To book a table at Tatale, 66 Great Suffolk Street, London SE1 0BL, visit their website here.
Prince of Peckham
A homey atmosphere with Caribbean bites, a cosy rooftop and a karaoke room with regular events is what makes this pub a neighbourhood favourite. Owner Clement Ogbonnaya, who grew up in Peckham, has made a concerted effort to take a community-first approach. The menu offers pub classics but with a Caribbean twist, including dishes from crispy okra to their signature jerk chicken, served on a toasted brioche bun with coleslaw. Ogbonnaya has recently announced that he will be opening a second pub in Tulse Hill – the Queen of the South – which coincides with the creation of his inclusively pub group, The Village People. The plan is to grow the portfolio of this pub group and take over old and disused pubs that were once pillars of their community, breathe new life into them, and lay the foundations for a new community hub for future generations.
To book a table at Prince of Peckham, 1 Clayton Road, London SE15 5JA, call 020 7635 8844 or visit their website here.
Black-owned, family run, female-led – Saint Aymes is a triple threat. Located in Connaught Village, the Instagrammable café and confectioner is named after the Bajan grandfather of sisters Lois and Michela Wilson. Taking inspiration from the flora of Barbados, where their grandparents hailed from, they have created a welcome reminder that we should appreciate beauty at every opportunity, especially when we live in a concrete jungle like the city of London. Quickly becoming known as the prettiest cafe in London, expect cutesy menu items like 24ct gold milkshakes, high tea with a strong pink theme, and champagne flutes topped with pink candy floss. After the success of their flagship London location, the sisters are shortly launching in the USA.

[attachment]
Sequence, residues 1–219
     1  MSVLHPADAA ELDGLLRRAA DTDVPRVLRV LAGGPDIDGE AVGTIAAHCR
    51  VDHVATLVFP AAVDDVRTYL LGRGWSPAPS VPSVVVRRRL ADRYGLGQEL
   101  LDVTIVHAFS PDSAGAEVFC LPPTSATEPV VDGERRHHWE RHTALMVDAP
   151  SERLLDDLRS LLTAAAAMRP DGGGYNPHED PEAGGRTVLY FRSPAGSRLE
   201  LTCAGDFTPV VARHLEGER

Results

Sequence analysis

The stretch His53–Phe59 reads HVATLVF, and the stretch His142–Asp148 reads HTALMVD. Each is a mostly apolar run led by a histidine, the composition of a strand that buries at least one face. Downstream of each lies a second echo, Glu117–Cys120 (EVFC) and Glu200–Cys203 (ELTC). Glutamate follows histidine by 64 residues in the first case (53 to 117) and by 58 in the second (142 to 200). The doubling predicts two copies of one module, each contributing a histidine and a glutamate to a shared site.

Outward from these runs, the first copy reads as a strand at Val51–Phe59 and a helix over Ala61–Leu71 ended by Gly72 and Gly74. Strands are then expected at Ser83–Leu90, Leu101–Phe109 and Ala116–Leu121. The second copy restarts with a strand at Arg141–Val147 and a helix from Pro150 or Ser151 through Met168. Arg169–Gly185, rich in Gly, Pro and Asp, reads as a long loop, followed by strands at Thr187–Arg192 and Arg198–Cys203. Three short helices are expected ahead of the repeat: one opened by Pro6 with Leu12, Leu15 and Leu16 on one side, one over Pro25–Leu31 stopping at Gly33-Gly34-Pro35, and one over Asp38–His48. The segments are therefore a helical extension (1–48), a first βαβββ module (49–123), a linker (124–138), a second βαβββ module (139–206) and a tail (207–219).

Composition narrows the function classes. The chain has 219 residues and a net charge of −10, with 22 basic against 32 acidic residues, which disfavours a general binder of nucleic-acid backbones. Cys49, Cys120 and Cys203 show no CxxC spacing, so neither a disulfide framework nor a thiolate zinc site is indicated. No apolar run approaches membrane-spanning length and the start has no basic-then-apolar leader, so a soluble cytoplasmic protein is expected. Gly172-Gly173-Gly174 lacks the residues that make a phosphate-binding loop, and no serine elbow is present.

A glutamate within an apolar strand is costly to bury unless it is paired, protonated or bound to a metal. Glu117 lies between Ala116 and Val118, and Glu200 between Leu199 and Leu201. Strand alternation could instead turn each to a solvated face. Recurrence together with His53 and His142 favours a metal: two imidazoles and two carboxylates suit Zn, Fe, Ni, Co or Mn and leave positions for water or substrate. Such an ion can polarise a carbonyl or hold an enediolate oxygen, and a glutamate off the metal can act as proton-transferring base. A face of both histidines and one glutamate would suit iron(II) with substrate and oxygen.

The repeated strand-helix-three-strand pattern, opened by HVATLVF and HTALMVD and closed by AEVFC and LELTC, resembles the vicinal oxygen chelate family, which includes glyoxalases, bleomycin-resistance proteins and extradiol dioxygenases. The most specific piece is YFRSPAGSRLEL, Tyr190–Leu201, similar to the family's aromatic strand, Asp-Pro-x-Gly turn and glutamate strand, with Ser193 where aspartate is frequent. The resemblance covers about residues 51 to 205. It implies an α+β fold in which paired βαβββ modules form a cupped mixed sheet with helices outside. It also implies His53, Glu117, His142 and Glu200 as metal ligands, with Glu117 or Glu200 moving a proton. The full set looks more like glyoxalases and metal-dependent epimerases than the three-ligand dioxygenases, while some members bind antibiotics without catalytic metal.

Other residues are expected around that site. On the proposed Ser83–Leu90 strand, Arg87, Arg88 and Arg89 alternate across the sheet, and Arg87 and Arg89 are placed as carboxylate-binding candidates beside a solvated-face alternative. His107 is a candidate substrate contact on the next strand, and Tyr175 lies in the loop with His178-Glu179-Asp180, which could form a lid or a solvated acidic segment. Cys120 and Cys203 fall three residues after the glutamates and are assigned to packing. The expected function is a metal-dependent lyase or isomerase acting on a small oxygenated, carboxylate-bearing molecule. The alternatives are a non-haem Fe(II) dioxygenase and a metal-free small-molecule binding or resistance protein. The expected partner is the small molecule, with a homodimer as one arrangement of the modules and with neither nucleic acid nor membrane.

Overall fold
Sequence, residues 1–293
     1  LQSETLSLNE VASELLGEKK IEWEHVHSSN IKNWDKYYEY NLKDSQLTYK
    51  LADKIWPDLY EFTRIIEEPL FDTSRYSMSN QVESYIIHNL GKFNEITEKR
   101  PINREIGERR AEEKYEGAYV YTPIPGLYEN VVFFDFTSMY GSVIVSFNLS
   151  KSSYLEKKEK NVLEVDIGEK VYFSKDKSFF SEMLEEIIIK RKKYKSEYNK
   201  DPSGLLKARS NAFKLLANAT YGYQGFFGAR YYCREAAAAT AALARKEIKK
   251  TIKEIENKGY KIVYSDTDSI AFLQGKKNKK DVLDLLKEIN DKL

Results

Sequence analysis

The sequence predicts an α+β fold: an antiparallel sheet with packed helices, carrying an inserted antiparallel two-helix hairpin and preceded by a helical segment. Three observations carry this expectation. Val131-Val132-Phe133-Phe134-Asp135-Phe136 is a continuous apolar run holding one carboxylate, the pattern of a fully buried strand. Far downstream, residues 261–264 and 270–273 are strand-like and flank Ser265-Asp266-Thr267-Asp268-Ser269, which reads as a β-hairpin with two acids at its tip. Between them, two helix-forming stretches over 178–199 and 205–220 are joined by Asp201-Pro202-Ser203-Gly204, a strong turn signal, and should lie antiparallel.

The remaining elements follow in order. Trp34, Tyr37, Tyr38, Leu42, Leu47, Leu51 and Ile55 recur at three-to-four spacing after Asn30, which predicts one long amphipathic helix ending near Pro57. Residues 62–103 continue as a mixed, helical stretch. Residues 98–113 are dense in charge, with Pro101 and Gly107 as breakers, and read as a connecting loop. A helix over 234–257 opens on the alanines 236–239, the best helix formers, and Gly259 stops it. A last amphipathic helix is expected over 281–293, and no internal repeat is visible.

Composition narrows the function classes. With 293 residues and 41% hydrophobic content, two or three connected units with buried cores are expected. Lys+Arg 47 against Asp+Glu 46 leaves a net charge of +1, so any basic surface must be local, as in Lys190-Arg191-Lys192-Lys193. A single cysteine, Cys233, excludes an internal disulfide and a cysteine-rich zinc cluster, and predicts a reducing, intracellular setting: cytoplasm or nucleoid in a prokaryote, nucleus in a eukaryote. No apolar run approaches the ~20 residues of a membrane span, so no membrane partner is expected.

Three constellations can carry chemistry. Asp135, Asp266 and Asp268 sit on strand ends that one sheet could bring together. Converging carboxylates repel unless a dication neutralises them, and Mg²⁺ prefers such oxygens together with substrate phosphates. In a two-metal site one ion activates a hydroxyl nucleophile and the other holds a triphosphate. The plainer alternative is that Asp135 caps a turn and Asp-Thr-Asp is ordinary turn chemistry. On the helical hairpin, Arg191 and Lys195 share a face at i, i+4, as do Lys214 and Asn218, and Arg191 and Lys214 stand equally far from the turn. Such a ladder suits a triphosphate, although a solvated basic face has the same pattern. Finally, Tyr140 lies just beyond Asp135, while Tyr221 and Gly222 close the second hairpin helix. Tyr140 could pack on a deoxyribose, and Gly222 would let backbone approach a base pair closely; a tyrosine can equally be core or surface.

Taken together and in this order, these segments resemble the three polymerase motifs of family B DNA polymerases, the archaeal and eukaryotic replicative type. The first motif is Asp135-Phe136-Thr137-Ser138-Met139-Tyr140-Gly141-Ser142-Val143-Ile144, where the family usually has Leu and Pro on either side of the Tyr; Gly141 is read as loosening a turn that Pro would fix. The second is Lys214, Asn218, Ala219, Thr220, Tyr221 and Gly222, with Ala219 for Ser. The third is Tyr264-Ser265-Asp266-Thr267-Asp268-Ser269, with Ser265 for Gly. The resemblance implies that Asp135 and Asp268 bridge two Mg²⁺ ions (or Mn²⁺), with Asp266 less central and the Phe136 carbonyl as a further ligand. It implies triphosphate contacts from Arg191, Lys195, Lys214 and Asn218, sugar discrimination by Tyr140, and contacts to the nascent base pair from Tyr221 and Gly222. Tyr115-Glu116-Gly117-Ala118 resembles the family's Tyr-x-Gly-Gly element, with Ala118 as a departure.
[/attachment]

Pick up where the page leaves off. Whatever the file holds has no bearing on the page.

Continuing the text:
To book a table at Saint Aymes, 59 Connaught Street, London W2 2B, call 020 7262 1185 or visit their website here.
The Baruru Supper Club
Last year Keshia Sakarah launched Baruru, a series of supper clubs that explore Caribbean culture through food. Sakarah formerly ran Caribe’ at Pop Brixton, and, while she may be awaiting a bricks-and-mortar site at the moment, this new venture continues her journey through Caribbean culture. Baruru, the indigenous word for plantain (named by the Kalinago people, who originally inhabited the islands) gives an idea of what to expect at these events. Hosted with historian Renee Landell, the evenings celebrate the Caribbean, touching upon the vast region’s complex history and nuanced culture. With contributions from Amerindians, Africans, Europeans and Asians, the menu that Keshia creates tells a story that spans centuries. Keep an eye on their Instagram page for the next supper club and travel to Dominica, St. Lucia, Guyana and Cuba, where you can taste the influences of Polynesia, the migration of indentured Chinese workers, and the Spanish.
For further information about Baruru Supper Club visit their website here.